For more information on Photon Induced Positron Annihilation technology, contact:
Positron Systems Inc.
6151 N. Discovery Way
Boise, ID 83713
Fax: (208) 672-8012
- Identify atomic lattice defects that are less than 10 microns in size
- Measurement uncertainties of less than 1%
- Detection at depths up to 4 inches
- Depending on ease of access, measurements can be taken from both sides (doubling the depth-detection capability)
- Cross-sectional analysis
- Assess lattice damage at less than 1% fatigue.
How the Process Works
Testing with positrons is not a new technique. These particles were first discovered in the 1920s and have been used in surface defect detection for some 30 years, according to Curt Rideout, military marketing and sales manager for Positron Systems Inc. (Boise, ID).
Testing with positrons has until now been limited to surface analysis, because the particles cannot penetrate more than 1 millimeter deep. The Photon Induced Positron Annihilation (PIPA) technology developed by the Department of Energy overcomes that limitation.
Using PIPA, Positron Systems is able to induce the creation of positrons inside a material being tested by injecting the material with a high-energy photon beam. The energy from the beam excites atoms within the material, and the energy causes neutrons--among the building blocks of atoms--to be ejected from the atoms. Without the neutrons, the atoms become unstable and decay rapidly, kicking off positrons in the process.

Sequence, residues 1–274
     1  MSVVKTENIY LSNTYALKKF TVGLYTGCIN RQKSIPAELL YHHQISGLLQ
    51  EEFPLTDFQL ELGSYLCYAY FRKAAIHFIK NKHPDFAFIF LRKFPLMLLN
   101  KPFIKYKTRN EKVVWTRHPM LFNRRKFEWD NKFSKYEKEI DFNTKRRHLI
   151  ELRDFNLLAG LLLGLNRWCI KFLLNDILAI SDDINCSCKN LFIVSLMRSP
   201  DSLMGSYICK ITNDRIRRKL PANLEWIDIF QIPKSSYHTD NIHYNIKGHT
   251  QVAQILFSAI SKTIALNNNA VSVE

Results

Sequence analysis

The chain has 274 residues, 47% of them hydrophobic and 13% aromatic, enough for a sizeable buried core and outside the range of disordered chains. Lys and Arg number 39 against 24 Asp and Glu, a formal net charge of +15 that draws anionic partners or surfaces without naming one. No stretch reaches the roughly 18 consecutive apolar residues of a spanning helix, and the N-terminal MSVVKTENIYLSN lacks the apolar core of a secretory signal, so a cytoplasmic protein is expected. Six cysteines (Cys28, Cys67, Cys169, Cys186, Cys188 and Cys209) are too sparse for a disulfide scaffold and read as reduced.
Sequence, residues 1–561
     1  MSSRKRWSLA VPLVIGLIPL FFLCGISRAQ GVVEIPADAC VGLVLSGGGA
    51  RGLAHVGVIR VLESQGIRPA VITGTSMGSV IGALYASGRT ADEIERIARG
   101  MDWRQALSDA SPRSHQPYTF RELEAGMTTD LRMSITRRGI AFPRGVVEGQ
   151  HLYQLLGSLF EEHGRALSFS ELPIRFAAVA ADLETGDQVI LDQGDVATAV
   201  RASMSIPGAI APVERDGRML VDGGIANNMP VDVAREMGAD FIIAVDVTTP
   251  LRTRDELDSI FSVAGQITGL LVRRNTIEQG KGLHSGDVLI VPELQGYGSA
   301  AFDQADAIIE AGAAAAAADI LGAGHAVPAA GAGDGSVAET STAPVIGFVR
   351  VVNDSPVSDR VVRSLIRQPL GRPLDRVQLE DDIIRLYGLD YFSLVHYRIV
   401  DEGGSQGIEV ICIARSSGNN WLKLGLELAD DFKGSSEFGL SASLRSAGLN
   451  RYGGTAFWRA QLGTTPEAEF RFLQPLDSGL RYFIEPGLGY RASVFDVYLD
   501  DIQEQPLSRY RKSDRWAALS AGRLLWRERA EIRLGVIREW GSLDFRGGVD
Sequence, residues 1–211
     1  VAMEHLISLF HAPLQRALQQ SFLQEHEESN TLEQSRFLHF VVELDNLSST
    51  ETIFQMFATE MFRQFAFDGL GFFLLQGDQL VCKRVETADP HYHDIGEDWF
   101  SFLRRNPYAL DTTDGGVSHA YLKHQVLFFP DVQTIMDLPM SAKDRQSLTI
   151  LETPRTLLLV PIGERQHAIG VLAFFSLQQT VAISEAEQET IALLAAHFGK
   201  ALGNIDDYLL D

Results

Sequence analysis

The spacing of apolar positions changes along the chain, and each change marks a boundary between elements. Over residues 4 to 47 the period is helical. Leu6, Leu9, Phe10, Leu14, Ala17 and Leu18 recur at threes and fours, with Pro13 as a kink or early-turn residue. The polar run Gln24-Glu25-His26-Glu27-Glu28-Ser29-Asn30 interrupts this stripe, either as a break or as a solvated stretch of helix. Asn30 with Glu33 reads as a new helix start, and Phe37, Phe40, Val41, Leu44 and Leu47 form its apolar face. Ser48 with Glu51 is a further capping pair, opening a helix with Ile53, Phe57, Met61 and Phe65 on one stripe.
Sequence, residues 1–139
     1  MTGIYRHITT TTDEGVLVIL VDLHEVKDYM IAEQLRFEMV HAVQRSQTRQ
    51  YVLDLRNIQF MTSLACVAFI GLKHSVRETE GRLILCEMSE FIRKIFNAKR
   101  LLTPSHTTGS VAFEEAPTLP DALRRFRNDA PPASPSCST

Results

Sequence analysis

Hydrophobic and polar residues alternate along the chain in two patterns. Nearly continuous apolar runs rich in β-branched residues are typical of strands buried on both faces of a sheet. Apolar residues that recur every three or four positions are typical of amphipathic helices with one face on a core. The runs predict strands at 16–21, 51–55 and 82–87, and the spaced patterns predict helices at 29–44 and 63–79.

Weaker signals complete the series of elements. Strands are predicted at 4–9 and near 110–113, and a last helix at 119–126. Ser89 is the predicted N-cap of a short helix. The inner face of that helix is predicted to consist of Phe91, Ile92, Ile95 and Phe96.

Positrons are like something out of a Star Trek episode; they are the antimatter to an electron's matter. Positrons are positively charged, subatomic particles that are equal, but opposite, in mass and magnitude of charge to negatively charged electrons.
In a material that has no defects, the positrons and free electrons that are generated naturally within the material seek each other out--due to their opposite charges--and both are annihilated when they collide. This produces energy in the form of gamma radiation.
In a material that has defects in the atomic lattice structure, the process is slightly different. In this case, the positrons are drawn to the voids caused by the damage in the structure, as a way to "escape," or get as far away as possible from the positively charged protons within the atoms of the material. Once within the lattice defects, the momentum of the positrons is reduced, as they are essentially held in place by their positive charges. In effect, this makes them sitting ducks for the free electrons, which eventually find the positrons within the voids, producing the same energy producing collision and annihilation scenario.
PIPA works by using gamma spectrometry to measure and analyze the level of gamma radiation released by the annihilations. Scientists know that the amount of energy released by the annihilation itself is 511 kiloelectronvolts (KeV), or 2 gammas. But when positrons and electrons collide, the total energy released includes the momentum energy of the particles. In defect-free materials, the particles are in a high momentum state, because there are no defects in which they can "rest." As a result, the collisions and the resulting annihilation release more energy.
In materials with defects, the momentum of the particles is less, and the resulting annihilation produces energy levels at or near the signature 511 KeV.
By measuring and analyzing the energy released, PIPA can nondestructively detect atomic level defects by type and size, and analytical methods can further be applied to produce quantifiable fatigue or embrittlement damage estimates.